Actors, singers, politicians, news anchors, comedians and journalists were among those fired due to complaints of sexual harassment against them.
Something that has always been known by women was now abundantly clear to everyone else. Predatory men, sexual assault and harassment are commonplace in most workspaces. Me Too was an attempt to change this uncomfortable reality and empower victims to speak out about their experiences and achieve some form of justice. Calls to a US rape crisis hotline rose by 23% and the Time’s Up campaign successfully raised $22 million in legal assistance for survivors.
Despite the admirable goal of simply making workplaces safer for women, the Me Too movement hasn’t been wholly welcomed by everyone with some notable (typically male) critics.
Some argued that the Me Too movement is cutting out the due process of criminal trials and instead a trial by media of sorts is taking place where men accused of assault become victims of cancel culture. Other say that the allegations of sexual assault are over reactions and that romanticism is being stifled by political correctness.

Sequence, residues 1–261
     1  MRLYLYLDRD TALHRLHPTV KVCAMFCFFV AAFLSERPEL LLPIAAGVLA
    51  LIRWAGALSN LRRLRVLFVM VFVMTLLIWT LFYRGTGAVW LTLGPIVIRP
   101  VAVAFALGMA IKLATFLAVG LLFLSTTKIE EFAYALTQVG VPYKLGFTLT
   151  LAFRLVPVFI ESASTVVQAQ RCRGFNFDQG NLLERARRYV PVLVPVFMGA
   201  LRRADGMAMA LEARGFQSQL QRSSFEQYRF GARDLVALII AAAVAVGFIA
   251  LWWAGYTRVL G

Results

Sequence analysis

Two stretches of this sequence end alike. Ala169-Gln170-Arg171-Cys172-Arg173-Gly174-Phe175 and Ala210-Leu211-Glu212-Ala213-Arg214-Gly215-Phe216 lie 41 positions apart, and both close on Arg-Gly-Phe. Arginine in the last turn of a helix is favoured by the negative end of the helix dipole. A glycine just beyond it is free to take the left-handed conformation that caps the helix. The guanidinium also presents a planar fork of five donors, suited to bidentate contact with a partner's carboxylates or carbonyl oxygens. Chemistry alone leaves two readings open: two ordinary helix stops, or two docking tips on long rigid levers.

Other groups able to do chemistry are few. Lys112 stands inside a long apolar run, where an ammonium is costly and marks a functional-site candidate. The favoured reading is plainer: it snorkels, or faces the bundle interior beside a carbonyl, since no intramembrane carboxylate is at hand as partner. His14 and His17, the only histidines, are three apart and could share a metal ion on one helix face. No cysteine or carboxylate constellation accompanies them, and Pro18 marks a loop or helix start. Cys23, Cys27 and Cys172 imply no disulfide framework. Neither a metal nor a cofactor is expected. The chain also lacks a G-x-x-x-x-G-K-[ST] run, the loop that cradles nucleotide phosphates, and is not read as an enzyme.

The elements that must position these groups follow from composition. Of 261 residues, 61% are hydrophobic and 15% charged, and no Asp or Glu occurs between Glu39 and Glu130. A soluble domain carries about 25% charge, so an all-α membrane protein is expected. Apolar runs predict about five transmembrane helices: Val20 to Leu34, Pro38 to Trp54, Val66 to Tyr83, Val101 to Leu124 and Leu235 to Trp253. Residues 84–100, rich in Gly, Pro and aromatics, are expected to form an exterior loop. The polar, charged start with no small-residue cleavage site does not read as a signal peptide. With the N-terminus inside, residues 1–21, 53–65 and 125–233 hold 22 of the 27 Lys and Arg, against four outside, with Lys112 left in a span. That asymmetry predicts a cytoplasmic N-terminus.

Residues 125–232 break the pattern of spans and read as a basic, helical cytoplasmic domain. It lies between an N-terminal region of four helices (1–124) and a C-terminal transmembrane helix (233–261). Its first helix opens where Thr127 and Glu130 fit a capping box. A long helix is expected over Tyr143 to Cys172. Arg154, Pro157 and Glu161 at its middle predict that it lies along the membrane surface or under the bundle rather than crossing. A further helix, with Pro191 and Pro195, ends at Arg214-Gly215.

Also highly discussed on social media is the possibility of false accusations. Many have expressed deep concern that some of the men accused of sexual assault may have their careers and their lives ruined due to a false allegation by someone with an ulterior motive or agenda.
These counter claims are not hard to find on social media, in the press and in conservative circles. A 2019 study by Houston University suggested a significant increase in the number of men who would feel apprehensive about hiring or interviewing an attractive woman. There is real evidence to suggest that the Me Too movement is preventing sexual assault and making workplaces safer for women, while at the same time generating a backlash of sexism and misogyny.